When he looked up, he realized traffic was slowing and hit the brakes, but was unable to stop before rear-ending a vehicle at West Henrietta and Brighton Henrietta Townline roads, driven by Yasman Kabir.
DiDomenico was not speeding at the time and did not have his vehicle’s emergency lights activated.
Kabir, who had stopped for a red light, is claiming she was seriously injured. She brought suit against the county, DiDomenico and Sheriff Patrick M. O’Flynn.
The question was whether Section 1104 of the law applied, making DiDomenico liable for the accident only if he acted with “reckless disregard.”
State Supreme Court Justice Thomas A. Stander originally ruled Sept. 26, 2008, that DiDomenico’s conduct was immune under Section 1104 and that Kabir had not raised a triable issue of fact as to whether he acted with reckless disregard.
The Appellate Division reversed on Dec. 30, 2009, holding that the reckless disregard standard in the law is limited to accidents caused by privileged conduct.
“There is an overriding concern that you can’t see by merely reading the decision,” said Robert L. Brenna Jr., who represents Kabir. “The court did an outstanding job of analyzing what was really happening and clarifying earlier decisions that have been misused for the last two decades.”
Brenna compared the case to eminent domain in which the government has the right in certain circumstances to take property for the good of society, but must compensate the property owners.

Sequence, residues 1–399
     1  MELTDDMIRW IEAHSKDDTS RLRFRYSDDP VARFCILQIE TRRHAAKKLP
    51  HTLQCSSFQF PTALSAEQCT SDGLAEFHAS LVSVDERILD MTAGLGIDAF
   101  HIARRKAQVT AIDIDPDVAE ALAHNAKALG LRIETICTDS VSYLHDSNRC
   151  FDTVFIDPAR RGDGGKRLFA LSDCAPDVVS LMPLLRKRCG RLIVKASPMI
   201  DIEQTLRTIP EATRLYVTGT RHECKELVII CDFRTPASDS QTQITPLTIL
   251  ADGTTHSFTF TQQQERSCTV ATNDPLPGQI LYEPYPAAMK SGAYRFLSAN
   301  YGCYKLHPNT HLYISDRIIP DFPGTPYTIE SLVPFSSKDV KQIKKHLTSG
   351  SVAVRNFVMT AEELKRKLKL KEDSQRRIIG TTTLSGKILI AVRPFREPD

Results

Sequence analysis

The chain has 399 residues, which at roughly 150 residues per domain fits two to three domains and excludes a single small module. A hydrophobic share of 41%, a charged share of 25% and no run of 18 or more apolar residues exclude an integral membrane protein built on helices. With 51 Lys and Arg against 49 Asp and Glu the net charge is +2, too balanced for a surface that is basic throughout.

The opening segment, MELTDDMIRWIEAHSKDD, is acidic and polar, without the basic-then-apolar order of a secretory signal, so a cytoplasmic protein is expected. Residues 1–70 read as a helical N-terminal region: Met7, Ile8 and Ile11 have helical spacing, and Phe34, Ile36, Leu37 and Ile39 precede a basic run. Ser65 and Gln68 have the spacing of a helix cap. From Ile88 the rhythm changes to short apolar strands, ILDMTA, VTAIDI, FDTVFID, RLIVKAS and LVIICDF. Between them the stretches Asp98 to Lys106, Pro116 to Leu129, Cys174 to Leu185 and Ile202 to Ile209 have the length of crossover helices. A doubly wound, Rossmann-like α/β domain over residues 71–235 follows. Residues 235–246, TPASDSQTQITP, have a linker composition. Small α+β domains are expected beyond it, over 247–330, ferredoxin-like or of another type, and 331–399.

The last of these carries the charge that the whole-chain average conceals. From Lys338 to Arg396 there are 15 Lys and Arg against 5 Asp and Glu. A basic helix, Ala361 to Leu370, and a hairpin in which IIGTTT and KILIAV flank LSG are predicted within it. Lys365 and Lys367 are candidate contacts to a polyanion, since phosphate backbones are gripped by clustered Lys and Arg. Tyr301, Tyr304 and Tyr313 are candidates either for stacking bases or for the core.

“Nothing could be more important than your well being or your life,” he said. “If society benefits from a governmental act, then society and the government should bear the economic brunt of that action. I don’t want police officers to have to pay a penny individually, but the government must be responsible for injuries they inflict on a random victim when they claim that the act that caused the injury or death is for the benefit of society.”
Brenna added that he likes O’Flynn, considers him a great sheriff and did not want to bring suit against him or DiDomenico. He said neither was named in the initial suit, but that the county refused to accept responsibility unless they were personally sued .
The majority court of appeals justices note the defendants and the dissent understood the law to apply the reckless disregard standard of care to all injury-causing conduct of drivers of authorized emergency vehicles involved in emergency operations whether or not that conduct is exempt under the subdivision in question.